It’s ok if you don’t. Cream of tartar is important in helping the egg white whip up to the stiff peaks, If you don’t have cream if tartar, you can substitute it with equal amounts of another acidic ingredient- such as lemon juice or vinegar.
Can You Leave Italian Meringue Buttercream Out?
Yes you can. This buttercream will be safe to keep out at room temperature for up to 2 days.
How Long Does Italian Buttercream Last In The Fridge?
You can keep your Italian buttercream in the fridge for up to 2 weeks! Just keep it tightly covered.
You can also freeze this meringue frosting for up to 2 months. I just let it thaw overnight in the refrigerator overnight. Then take it out and let it soften at room temperature. You may need to rewhip this to the desired consistency again.
To Make This Chocolate Italian Buttercream You Will Need:
- Kitchenaid Stand Mixer (you can also use a hand mixer if a stand mixer isn’t in the budget)
- Sturdy whisk (this is my new favorite whisk, it doubles as a bowl scraper!)
- Candy Thermometer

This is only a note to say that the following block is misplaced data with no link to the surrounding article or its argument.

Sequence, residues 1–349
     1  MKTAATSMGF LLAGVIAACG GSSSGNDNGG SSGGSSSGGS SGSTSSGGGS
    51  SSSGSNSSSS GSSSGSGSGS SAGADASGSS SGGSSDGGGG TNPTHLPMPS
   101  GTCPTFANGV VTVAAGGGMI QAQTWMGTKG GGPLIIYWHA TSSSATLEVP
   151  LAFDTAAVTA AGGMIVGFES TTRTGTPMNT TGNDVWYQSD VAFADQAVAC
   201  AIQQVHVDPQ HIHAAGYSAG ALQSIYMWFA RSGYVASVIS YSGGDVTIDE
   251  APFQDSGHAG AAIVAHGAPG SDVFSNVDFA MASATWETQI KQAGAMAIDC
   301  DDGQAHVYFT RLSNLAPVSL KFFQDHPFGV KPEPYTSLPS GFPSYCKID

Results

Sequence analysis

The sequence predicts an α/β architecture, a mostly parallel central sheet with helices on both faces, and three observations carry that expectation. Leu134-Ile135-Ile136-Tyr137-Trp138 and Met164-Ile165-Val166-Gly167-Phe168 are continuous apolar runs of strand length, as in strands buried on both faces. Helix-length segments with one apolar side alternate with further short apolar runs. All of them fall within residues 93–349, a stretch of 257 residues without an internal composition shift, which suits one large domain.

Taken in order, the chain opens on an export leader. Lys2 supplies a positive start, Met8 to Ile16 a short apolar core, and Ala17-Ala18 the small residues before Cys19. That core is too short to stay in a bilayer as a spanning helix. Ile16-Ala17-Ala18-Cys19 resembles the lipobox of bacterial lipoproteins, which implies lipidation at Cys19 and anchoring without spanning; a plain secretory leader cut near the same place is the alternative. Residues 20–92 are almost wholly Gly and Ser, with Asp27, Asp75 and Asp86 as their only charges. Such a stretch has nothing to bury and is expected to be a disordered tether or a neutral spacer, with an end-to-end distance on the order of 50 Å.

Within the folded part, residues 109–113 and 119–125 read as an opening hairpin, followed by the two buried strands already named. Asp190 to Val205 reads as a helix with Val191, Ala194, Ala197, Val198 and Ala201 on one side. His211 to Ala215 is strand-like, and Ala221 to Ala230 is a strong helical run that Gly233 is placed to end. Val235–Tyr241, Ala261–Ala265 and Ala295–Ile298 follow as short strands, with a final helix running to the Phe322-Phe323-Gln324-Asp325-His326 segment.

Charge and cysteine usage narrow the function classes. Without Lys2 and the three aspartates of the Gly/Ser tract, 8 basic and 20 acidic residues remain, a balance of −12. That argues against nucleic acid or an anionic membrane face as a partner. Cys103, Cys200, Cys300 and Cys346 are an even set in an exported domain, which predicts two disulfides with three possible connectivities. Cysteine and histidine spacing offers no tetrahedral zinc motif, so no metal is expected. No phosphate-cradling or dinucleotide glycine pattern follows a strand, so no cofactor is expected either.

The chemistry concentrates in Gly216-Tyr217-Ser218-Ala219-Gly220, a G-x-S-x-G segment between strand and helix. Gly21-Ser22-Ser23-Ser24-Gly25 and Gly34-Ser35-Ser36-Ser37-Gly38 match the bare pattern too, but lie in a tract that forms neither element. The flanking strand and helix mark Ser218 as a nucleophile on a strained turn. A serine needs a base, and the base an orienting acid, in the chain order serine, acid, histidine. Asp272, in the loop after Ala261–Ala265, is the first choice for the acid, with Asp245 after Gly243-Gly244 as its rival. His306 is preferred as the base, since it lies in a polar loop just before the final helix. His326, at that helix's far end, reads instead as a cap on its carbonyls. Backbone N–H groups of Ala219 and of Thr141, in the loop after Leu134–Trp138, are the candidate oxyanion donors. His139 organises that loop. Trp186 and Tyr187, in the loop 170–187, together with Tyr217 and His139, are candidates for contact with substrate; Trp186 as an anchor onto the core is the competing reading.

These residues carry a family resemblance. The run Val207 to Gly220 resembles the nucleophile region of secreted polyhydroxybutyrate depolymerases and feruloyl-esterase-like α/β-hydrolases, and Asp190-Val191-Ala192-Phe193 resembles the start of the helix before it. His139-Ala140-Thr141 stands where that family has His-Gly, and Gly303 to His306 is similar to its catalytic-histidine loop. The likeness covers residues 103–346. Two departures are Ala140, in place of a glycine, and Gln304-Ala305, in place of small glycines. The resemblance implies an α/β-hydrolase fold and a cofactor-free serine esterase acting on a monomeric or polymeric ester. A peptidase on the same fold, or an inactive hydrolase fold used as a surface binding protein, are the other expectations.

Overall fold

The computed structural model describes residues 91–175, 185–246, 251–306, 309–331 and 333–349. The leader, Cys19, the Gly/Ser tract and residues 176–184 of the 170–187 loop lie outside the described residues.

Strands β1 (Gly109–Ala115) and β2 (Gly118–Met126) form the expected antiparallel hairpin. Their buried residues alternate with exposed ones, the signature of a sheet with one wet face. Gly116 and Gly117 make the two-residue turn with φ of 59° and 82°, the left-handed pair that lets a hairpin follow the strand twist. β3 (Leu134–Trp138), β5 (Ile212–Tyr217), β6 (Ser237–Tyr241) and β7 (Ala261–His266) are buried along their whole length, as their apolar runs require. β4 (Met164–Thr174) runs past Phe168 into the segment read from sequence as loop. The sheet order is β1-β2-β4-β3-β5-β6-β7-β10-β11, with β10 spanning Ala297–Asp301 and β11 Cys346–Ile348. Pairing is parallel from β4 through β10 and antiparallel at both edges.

- Measuring cups and spoons
If you like this recipe, then be sure to check out my Buttercream Basics Guide! Learn how to make the 6 major types of buttercream with step by step photos. You will also learn:
- 3 tips for perfect piping
- How to save a broken buttercream
- Vanilla Buttercream Customization Chart
- How To Store Your Buttercream
and so much more!
Chocolate Italian Buttercream
- 1 1/4 cups (248 grams) granulated white sugar
- 5 large egg whites
- pinch cream of tartar
- 2 cups (16 ounces, 452 grams, 4 sticks) unsalted butter softened
- 1 1/2 teaspoons vanilla extract
- 8 ounces (227 grams) bittersweet, or semisweet chocolate melted, slightly cooled
- In a small saucepan over medium heat, bring sugar and 2/3 cup water to a boil. Continue boiling until syrup reaches 238 degrees on a candy thermometer (soft-ball stage).
- Meanwhile, place egg whites in the bowl of a standing mixer fitted with the whisk attachment, and beat on low speed until foamy. Add cream of tartar, and beat on medium-high speed until stiff but not dry; do not overbeat.
- With mixer running, add syrup to whites in a stream, beating on high speed until no longer steaming, about 3 minutes.
- Before adding the butter, I like to feel the bottom of the bowl to make sure that it's cool enough before adding the butter. If it's still warm, keep mixing until it's cool to the touch and then add your butter or it will melt. Add butter tablespoon by tablespoon, beating until spreadable, 3 to 5 minutes; beat in vanilla. If icing curdles, keep beating until smooth.
- Turn the mixer off and fold the chocolate into the buttercream with a spatula. Then mix on low in your mixer until fully incorporated.